• An analysis of 2015 PISA data has found that girls in Australian and New Zealand girls’ schools are more likely to take physics (54% vs 45%), chemistry (60% vs 52%) and biology (60% vs 54%) than girls in co-educational schools. In addition, girls in single-sex schools achieved significantly higher scores on PISA’s academic tests of science (543 vs 491) and maths (522 vs 474) (MMG, 2020).
• In 2015, 69% of girls attending Girls’ Day School Trust (GDST) schools in England opted to take three science subjects at GCSE level. At A-level (where most students take a total of three subjects), 46% of sixth form girls took at least one science and 38% took maths. Compared to the national average for girls, GDST students were more likely to take chemistry (9.1% of GDST girls vs 5.5% of girls nationally), maths (12.5% vs 7.7%) and physics (3.6% vs 1.7%) (Stannard, 2018, p. 16).
• A 2015 article by Julie Fisher and Helen Forgasz of Monash University and Catherine Lang of La Trobe University stated that their four-year research project into all-girl IT classes at seven co-educational and three girls’ schools found that girls feel more confident taking information technology (IT) classes in single-sex environments. Although girls were not asked about the all-girl environment, 45% made a specific positive comment unprompted, while five of the seven teachers from co-educational schools “commented on the value of the all-girl class”.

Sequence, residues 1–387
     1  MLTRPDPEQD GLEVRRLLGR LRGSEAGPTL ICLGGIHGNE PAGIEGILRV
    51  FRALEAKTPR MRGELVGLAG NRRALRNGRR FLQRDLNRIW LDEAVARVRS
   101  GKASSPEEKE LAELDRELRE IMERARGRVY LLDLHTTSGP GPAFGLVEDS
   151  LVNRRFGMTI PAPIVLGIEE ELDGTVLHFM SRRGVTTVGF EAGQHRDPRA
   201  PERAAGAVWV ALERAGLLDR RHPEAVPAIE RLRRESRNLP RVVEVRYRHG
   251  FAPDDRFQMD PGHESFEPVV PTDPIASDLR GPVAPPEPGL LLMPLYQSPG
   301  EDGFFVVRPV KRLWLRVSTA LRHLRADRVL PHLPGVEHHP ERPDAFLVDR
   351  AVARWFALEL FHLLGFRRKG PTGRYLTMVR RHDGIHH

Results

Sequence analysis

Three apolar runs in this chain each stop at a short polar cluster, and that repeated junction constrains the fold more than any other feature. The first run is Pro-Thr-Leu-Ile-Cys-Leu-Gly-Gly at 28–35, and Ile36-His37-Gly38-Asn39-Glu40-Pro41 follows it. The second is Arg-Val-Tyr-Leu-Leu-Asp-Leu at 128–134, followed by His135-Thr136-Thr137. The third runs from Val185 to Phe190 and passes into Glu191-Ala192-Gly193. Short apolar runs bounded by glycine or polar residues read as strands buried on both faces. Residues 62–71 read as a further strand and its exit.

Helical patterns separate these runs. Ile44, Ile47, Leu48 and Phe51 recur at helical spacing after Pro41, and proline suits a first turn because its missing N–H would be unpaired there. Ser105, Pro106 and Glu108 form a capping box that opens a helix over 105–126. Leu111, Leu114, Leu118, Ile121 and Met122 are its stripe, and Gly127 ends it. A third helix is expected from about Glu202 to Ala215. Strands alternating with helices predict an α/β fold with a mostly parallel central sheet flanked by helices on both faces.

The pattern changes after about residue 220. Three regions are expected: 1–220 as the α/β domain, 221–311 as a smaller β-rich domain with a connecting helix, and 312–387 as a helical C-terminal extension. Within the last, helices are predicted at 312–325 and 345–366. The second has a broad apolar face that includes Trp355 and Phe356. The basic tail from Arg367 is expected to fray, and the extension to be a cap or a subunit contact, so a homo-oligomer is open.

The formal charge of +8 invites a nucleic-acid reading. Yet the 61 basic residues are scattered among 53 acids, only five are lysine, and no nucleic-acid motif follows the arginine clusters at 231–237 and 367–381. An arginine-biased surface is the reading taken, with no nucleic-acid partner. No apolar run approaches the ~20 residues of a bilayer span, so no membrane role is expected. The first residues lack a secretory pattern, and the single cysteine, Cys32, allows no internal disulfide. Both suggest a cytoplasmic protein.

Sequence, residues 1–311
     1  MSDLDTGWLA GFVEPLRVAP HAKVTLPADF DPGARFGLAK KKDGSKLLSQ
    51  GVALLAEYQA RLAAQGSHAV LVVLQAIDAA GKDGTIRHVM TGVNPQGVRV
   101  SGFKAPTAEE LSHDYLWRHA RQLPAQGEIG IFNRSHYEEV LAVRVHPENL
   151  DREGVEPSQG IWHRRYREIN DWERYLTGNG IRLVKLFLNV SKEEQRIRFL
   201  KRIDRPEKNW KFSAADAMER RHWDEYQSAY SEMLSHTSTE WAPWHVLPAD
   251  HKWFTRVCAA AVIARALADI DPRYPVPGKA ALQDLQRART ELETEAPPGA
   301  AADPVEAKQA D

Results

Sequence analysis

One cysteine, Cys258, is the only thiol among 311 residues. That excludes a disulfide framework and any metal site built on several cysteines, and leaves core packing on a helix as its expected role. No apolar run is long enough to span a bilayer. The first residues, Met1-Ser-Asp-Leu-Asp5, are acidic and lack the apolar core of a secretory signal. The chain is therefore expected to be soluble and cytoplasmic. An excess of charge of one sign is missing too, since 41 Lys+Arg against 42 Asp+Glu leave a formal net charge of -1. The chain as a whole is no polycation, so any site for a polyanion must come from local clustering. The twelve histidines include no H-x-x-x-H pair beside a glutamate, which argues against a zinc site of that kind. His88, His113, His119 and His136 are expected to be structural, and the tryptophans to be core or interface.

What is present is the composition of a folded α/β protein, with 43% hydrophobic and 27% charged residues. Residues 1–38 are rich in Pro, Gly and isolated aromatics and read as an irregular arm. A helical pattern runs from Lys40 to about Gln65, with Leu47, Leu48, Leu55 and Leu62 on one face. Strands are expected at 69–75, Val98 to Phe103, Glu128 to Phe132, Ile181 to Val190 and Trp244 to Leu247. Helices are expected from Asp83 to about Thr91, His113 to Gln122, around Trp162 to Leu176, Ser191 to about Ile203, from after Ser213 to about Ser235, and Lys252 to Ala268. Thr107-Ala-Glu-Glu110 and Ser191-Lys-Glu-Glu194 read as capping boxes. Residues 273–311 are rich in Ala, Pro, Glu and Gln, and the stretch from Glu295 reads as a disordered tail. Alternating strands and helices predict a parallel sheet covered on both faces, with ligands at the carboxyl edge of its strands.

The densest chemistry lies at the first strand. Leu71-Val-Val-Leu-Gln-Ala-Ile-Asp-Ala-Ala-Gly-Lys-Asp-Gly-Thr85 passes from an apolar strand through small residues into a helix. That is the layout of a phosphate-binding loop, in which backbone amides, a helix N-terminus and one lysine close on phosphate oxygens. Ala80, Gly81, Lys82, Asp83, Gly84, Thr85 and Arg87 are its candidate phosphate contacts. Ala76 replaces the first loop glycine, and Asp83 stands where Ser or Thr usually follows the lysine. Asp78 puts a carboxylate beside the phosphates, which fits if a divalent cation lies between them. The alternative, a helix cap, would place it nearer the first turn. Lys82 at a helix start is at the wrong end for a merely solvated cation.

• In 2010, Tully and Jacobs noted that 22% of female students in New South Wales attended a single-sex school, but 40% of female engineering students at the University of Technology in Sydney were from girls’ secondary schools (pp. 458, 463). They concluded that the “culture of a single gender school may provide a unique socialisation process, which allows a young woman the freedom to reach beyond stereotypical career expectations” (p. 463).
• In 2013, Rudolf Eliott Lockhart, Head of Research for the UK’s Independent Schools Council, presented research showing that in 2012, girls from Girls’ Schools Association (GSA) schools in the UK constituted only 5% of girls taking A-levels but comprised 15.9% of girls doing Further Maths, 13.4% of girls doing Physics and 8.9% of girls doing Chemistry. Furthermore, Lockhart’s research showed that girls from GSA schools were awarded:
- 25.9% of all Physics A* grades awarded to girls,
- 24.7% of all Further Maths A* grades awarded to girls, and
- 19.8% of all Chemistry A* grades awarded to girls.
• In 2012, the Institute of Physics (UK) published the It’s Different for Girls report which found that 49% of all government co-ed schools did not have a single female student taking A-level physics (p. 12) and that girls attending independent single-sex schools were four times more likely to take A-level physics than girls in government co-ed schools (p. 15). In fact, 7.2% of girls in single-sex independent schools took A-level physics in 2011 compared with 4.9% of girls in co-ed independent schools, 4.3% of girls in single-sex government schools and 1.8% of girls in co-ed government schools (p. 15).